This Bill will pave the way for the legal confiscation of traditional indigenous medicines from the hands of traditional healers, and place them in the hands of multi-national corporations. This Bill will tear the very fabric of traditional medicine and leave it threadbare.

The 30 million South Africans who use traditional medicines will have their choice in medicines greatly diminished, all in exchange for a few crumbs swept from industry’s high tables to indigenous community leaders.

The vacuum of traditional medicines lost will be filled with Western orthodox drugs and guaranteed dependency on them. Where the roots of indigenous plant medicines will be rooted out, drug manufacturing plants and branches will soon grow like weeds.

Few add veneer of cultural approval

African Traditional Medicine is exclusively an oral tradition. In recent decades, many healers have been hoodwinked or corrupted. They have sold out their ancestral law by accepting payments in cash and promises of great recognition and titles by orthodox medicine researchers (Ethno-Pirates) fishing for clues for new drug development. A few of them have been appointed as window-dressing by these institutions conducting novel drug development research, adding a veneer of cultural approval of these schemes.

The IKS Bill requires that in order for an indigenous community to lodge successful licence applications, Indigenous Knowledge Practitioners (healers) and Indigenous Communities must provide documentary evidence that they were the innovators of the technology born of indigenous knowledge. They must demonstrate that this practical knowledge has been passed on from generation, to generation.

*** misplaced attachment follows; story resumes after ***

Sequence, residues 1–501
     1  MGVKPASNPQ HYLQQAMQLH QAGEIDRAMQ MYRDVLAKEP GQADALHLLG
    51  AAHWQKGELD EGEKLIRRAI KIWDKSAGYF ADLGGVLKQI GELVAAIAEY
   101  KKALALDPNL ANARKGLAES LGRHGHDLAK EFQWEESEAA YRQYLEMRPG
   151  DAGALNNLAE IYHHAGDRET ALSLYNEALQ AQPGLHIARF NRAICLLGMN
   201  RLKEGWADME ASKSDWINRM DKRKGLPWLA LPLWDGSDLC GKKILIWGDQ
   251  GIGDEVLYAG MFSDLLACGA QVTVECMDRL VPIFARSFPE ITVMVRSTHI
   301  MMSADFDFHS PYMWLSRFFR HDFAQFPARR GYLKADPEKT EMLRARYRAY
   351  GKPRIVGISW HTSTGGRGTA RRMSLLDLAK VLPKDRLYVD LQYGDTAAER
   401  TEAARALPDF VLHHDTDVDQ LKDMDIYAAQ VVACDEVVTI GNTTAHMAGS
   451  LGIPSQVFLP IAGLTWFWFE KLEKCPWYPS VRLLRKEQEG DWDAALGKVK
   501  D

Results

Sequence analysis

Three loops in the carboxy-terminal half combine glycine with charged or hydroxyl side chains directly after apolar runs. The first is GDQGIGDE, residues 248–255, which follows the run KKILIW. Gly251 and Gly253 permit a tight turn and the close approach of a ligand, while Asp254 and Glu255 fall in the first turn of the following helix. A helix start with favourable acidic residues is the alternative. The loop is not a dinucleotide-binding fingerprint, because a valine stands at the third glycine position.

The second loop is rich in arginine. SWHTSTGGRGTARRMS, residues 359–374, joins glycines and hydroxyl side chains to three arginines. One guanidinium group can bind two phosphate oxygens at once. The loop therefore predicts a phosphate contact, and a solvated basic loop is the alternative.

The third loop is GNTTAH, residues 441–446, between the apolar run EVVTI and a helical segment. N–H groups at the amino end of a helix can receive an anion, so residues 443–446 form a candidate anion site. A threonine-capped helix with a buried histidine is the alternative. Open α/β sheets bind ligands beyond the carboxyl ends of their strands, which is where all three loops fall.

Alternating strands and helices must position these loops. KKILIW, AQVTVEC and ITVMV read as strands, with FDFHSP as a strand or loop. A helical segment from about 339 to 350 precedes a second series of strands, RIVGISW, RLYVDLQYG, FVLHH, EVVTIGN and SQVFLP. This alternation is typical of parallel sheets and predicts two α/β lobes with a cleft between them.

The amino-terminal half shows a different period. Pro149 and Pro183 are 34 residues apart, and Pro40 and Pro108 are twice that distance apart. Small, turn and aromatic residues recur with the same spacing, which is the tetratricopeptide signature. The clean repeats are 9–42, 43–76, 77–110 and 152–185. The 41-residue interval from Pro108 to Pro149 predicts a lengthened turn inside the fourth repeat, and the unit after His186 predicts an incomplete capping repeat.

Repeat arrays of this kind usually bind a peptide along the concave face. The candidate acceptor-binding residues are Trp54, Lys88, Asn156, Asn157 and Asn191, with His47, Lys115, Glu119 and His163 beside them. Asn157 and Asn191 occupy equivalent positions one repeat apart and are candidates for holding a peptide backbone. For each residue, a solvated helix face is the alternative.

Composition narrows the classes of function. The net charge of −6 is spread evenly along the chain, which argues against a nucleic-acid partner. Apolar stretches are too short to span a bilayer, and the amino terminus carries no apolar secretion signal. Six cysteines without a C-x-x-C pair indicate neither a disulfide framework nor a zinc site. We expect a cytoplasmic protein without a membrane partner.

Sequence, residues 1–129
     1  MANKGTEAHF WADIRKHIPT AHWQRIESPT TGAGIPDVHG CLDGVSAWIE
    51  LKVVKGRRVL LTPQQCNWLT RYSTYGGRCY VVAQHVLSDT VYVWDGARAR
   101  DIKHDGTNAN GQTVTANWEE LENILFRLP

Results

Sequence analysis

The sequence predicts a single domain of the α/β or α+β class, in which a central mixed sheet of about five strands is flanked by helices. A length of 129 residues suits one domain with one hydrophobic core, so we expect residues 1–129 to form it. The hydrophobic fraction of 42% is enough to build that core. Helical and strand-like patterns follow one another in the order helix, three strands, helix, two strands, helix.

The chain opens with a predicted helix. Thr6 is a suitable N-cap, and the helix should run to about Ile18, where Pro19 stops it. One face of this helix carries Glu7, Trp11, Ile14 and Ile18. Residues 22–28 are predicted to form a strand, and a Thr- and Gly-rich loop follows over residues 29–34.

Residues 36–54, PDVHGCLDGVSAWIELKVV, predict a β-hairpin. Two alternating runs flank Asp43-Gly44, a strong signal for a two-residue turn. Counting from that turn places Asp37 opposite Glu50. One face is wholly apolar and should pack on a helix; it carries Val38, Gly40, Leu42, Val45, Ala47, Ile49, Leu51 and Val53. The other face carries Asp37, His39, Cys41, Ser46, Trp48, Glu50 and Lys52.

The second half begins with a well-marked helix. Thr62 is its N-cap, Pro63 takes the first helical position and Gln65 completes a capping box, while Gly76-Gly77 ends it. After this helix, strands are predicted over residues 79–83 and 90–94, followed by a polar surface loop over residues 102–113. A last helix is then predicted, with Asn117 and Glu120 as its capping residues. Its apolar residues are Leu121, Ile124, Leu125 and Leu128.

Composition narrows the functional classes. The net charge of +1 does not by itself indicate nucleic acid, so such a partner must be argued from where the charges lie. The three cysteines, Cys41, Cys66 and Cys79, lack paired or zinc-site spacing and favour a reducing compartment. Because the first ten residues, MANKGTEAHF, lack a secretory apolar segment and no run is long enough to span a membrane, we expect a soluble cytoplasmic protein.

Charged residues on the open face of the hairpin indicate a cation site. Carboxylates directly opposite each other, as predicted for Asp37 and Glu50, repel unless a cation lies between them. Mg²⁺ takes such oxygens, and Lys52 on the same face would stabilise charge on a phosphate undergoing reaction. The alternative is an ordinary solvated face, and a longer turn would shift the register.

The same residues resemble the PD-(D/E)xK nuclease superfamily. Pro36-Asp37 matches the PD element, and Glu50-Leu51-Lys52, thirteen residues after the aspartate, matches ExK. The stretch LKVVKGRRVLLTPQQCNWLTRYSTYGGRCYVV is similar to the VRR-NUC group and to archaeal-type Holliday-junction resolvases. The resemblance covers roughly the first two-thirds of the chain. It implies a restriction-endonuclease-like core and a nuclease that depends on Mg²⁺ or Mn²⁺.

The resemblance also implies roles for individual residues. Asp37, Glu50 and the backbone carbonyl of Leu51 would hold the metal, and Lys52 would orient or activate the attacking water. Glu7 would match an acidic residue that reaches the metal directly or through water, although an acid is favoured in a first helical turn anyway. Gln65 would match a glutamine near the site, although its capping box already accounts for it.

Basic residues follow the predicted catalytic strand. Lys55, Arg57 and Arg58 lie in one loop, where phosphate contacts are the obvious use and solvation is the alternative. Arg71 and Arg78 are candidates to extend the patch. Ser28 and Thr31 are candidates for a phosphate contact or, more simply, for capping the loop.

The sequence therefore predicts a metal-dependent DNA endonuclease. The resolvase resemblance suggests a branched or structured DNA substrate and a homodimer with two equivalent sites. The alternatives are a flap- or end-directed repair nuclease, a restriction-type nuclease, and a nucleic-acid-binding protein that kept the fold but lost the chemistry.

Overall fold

Section 11 of the Bill, which details the ‘Eligibility Criteria for Protection’ states –
‘The protection of indigenous knowledge contemplated in Section 9 apply to indigenous knowledge which – (a) has been passed on from generation to generation, (b) has been developed within the indigenous community, and (c) is associated with the cultural make-up and social identity of that indigenous community’.

Our relationship to plants cannot be owned or restricted

The preamble of our Constitution opens with the paragraph “We, the people of South Africa, Recognise the injustices of our past; Honour those who suffered for justice and freedom in our land; Respect those who have worked to build and develop our country; and Believe that South Africa belongs to all who live in it, united in our diversity.”

Indigenous plants, used as medicine, food and shelter growing within our borders, belong to all the people who live in this land. We, the people are the guardians of nature for our future generations. Our relationship with plants cannot be owned or restricted with a piece of paper and handed over to certain individuals or corporations to selfishly monopolise. The real indigenous plant knowledge custodians in South Africa are the 220 000 African traditional healers who have practiced their time-honoured calling ever since their San and Khoi ancestors first nurtured a relationship with the healing power of nature.

This Bill must be scrapped in its entirety, and a new piece of legislation gazetted which transfers ALL research already conducted in Ethno-Piracy schemes across South Africa to the Traditional Healers Practitioners Council, where knowledge on indigenous medicine plants can be catalogued and disseminated in the form of a living National Traditional Medicines Pharmacopeia. This will fulfil the Traditional Health Practitioners Act’s obligations to promote the safe and effective use of indigenous medicines in South Africa by all.

This knowledge base will ensure the sustainability of African Traditional Medicine in its original form, and the professions of the African Traditional Health Practitioners in South Africa. By restoring African Traditional Medicine to parity with other health professions, injustices of the past will be healed, and health true freedom will be achieved.